San Diego Police Shooting Gets Live Coverage
Tuesday, March 29, 2011
SAN DIEGO Last Friday, San Diego police disabled a man with a knife, in front of police headquarters, by shooting him with bean bags and rubber bullets. This wouldn’t have been so remarkable if the shooting hadn’t been captured on camera and broadcast live on the KFMB-TV, Channel 8 website.
The man in question, Mark Steven Brown, was described by a police spokesperson as a long-time nuisance who had a history of vandalizing squad cars. Lt. Andra Brown (no relation) said last week the man was in front of SDPD headquarters threatening people with a knife. She would not comment on Mr. Brown’s mental condition.
KFMB’s coverage of the shooting got the attention of the University of Pennsylvania’s Annenberg School for Communication and Mediaite.com. Mediaite remarked that coverage of live events on a station’s web stream allows it to stay with the event much longer. It can also broadcast violence and profanity that might be censored by FCC rules.
The Annenberg School related the event to the scholarship of one of their professors, Barbie Zelizer, who has written a book about images of people facing death.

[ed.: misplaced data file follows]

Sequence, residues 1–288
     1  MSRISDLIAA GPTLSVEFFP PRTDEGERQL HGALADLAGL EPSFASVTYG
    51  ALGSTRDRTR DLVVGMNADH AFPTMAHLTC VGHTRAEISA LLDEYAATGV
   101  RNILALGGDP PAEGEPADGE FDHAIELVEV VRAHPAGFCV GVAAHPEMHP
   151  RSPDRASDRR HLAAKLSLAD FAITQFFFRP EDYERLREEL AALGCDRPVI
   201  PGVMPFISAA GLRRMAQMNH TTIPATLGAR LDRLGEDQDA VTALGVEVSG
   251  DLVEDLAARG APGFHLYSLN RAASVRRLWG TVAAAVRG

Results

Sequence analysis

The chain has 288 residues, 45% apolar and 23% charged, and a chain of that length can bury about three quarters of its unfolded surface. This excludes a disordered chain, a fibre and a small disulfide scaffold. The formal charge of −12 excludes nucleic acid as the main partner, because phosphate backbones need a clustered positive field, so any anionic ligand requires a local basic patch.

It’s ironic that Mr. Brown was not facing death but you would not have known that by watching most of KFMB’s live coverage. You just see is a bunch of cops with shot guns who begin firing on a man with a knife. Who knew the bullets were made of rubber?
I’ve spent most of my career in public broadcasting and that means I’ve spent very little time chasing fire engines and police cars. Only my brief stint with the CBS affiliate in Minneapolis caused me to cover crime scenes where the TV photographers made sure they got shots of the body bags and the blood stains on the sidewalk.
Prof. Zeliger’s book is called, “About to Die: How News Images Move the Public.” You can watch an interview with her. Death shouldn’t be a spectator sport and prurient interests should be left unsatisfied. But people are killed when bombs go off in war, and journalists always need to ask themselves how far they should go to make sure people realize that.
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